Copper cable transmission rate increased

Published: Nov. 28, 2007 at 11:07 AM
STATE COLLEGE, Pa., Nov. 28 (UPI) -- U.S. engineers are working to increase the data transmission rate of Category-7 copper cables used to connect computers to each other and the Internet.

"Working with NEXANS, the company that manufactures the cable, we have examined the possibility of sending digital data at a rate of 100 gigabits per second over 100 meters of Category-7 copper cable," said Pennsylvania State University Professor Mohsen Kavehrad.

Category-7 copper cables are used to connect computers within a room or a building or to create parallel computing systems, the researchers said. While the long distance lines of most Internet systems are glass fiber optic cables, which are very fast, copper cables are generally used for short distances.

The engineers modeled the cable with all its attributes including modeling crosstalk. They then designed a transmitter/receiver equipped with an interference canceler that could transfer up to 100 gigabits using error correcting and equalizing approaches.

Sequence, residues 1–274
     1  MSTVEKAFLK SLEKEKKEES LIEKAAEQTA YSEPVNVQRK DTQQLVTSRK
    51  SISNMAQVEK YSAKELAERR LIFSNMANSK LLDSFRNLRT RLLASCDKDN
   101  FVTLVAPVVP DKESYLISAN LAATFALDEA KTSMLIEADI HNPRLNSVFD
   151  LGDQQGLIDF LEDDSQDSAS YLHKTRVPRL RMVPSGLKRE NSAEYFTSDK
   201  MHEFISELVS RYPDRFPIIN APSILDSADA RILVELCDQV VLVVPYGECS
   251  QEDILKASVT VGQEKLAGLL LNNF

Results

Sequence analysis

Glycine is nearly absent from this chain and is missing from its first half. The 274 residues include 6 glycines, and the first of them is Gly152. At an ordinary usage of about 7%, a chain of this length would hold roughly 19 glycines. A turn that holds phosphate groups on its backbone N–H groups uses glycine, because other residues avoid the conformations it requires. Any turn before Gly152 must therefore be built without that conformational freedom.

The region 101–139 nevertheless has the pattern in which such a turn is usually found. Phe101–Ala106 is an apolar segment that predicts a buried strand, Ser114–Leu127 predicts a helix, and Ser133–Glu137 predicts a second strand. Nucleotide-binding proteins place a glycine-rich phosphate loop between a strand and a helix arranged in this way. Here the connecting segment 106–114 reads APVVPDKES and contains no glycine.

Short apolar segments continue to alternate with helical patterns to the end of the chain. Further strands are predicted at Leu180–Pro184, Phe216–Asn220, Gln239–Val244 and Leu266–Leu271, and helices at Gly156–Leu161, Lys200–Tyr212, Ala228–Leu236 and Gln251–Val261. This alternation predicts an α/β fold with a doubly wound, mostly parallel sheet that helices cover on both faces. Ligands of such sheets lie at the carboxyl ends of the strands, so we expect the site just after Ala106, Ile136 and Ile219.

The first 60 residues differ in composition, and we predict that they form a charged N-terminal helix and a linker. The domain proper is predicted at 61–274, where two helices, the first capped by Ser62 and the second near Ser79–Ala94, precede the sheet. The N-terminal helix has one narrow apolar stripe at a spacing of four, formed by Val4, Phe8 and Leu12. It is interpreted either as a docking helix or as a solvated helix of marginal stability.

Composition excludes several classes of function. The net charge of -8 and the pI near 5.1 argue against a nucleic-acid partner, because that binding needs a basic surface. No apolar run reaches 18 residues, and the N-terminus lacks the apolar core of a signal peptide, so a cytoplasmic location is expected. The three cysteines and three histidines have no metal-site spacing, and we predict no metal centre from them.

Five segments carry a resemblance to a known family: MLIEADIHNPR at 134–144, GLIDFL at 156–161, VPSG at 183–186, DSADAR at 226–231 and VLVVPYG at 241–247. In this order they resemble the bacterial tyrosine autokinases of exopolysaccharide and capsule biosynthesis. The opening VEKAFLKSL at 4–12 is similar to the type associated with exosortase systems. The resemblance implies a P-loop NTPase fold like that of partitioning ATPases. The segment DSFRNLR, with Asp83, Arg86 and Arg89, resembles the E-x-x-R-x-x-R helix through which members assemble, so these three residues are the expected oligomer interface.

"A rate of 100 gigabit over 70 meters is definitely possible, and we are working on extending that to 100 meters, or about 328 feet," graduate student Ali Enteshari said.

Enteshari presented the research in Atlanta earlier this month during a meeting of the IEEE High Speed Study Group.

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Portable fingerprint ID technology unveiled in Fairfax, Virginia
Lt. Vince Byrd, of the Fairfax County Police Department, holds a portable Automated Fingerprint Identification Systems (AFIS) at the Fairfax County Police Headquarters on November 28, 2007. The AFIS is designed to be used by officers on the street and has the ability to record fingerprints and photos in the field while cross-checking the national capitol area's database, which includes over a million records from northern Virginia, the District of Columbia and Maryland. (UPI Photo/Kevin Dietsch)
Portable fingerprint ID technology unveiled in Fairfax, Virginia